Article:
I will be brief. I thank the Minister and his team for coming in. On the future planning for retirees and contingency, the Minister specifically mentioned there was a net increase of 380 over the past three years since 2019, but he said it is projected 430 personnel will retire this year on a lump sum and a pension. In terms of future planning between the retirees, those who are scheduled to retire and a contingency for those who are unexpected or unplanned, what work has the Department carried out, either with military management or with the representative bodies, to ascertain if there is a way of better gauging those who might retire unexpectedly, who do not stay on in the Defence Forces when they reach the eligibility for a military pension?
Has the Minister the percentage who are not likely to receive their increases from the Building Momentum agreement before the end of 2022? Has it been broken down to that level of detail? When the Minister states "slip into early 2023", can we get a more definitive timeline on that?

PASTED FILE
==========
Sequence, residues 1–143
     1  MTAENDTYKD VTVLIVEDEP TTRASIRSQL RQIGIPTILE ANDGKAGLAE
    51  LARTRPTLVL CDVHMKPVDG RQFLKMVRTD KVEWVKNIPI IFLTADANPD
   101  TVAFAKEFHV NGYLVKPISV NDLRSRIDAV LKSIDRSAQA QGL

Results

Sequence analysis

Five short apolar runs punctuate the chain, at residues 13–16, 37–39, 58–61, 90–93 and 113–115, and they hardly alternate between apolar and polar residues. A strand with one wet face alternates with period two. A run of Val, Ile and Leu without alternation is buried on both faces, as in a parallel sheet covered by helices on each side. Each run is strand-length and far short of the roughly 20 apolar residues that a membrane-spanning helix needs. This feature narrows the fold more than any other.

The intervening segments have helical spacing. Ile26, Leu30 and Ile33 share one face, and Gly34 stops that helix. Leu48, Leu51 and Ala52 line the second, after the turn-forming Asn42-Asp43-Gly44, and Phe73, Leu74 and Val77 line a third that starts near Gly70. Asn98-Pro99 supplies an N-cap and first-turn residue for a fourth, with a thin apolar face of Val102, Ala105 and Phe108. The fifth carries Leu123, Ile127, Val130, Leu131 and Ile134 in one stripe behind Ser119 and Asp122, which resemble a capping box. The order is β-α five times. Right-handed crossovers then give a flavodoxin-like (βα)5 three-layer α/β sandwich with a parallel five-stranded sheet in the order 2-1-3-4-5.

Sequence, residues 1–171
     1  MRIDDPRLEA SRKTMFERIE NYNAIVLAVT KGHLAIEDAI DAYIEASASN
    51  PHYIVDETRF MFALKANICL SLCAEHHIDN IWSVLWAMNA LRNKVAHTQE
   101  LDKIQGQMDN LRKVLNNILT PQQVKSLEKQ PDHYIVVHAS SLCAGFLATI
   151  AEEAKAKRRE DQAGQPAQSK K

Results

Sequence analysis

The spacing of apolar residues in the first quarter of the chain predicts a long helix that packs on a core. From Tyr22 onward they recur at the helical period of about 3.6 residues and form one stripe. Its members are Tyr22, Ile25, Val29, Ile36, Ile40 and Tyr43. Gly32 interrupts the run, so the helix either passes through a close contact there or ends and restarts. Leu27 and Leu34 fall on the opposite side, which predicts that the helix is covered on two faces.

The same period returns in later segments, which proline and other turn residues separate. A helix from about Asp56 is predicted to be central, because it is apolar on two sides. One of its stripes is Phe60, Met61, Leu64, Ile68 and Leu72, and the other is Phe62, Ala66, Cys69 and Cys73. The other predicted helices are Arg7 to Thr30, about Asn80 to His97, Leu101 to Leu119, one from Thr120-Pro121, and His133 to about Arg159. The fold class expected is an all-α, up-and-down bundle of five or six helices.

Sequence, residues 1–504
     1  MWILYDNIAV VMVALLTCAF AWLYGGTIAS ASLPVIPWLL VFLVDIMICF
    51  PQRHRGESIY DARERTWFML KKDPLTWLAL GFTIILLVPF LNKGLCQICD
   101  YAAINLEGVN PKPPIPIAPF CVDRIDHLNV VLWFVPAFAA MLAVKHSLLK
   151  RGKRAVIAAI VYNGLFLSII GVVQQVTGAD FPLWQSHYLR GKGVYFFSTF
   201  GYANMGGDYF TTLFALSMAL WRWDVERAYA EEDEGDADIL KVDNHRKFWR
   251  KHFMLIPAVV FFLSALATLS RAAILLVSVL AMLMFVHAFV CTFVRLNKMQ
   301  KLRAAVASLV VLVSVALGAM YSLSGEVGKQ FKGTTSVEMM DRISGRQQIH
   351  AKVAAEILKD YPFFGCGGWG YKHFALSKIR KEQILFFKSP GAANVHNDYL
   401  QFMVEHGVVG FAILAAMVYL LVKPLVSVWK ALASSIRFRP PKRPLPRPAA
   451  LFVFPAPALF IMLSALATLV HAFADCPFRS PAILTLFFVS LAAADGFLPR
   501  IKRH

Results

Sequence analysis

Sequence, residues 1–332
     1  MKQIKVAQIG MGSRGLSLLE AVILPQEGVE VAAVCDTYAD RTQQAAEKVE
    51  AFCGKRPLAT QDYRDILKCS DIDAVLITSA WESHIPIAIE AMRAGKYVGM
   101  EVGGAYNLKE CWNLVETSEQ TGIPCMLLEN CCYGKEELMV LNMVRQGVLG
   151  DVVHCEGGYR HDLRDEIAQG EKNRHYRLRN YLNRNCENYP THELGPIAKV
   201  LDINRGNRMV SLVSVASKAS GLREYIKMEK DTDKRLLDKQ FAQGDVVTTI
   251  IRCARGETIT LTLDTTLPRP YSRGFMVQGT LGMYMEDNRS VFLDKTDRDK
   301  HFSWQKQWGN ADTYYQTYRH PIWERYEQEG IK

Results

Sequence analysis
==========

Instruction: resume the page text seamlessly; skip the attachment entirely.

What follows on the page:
As the Deputy will be aware, we have spoken on many occasions, and I suspect we will do so on many occasions in the future, about our efforts to improve retention rates within the Defence Forces, to keep people in the Defence Forces for longer and to extend the time people are able to stay in the Defence Forces. We have made some progress on that in the past year. This year we have seen 30 more people retiring than we were expecting. We were anticipating approximately 400 and it will be 430. The real challenge here - there is daily working going on between the Department and Chief of Staff and his team - is in terms of new recruitment campaigns and, of course, incentives to keep people in the Defence Forces. That is an ongoing discussion. There is no one document.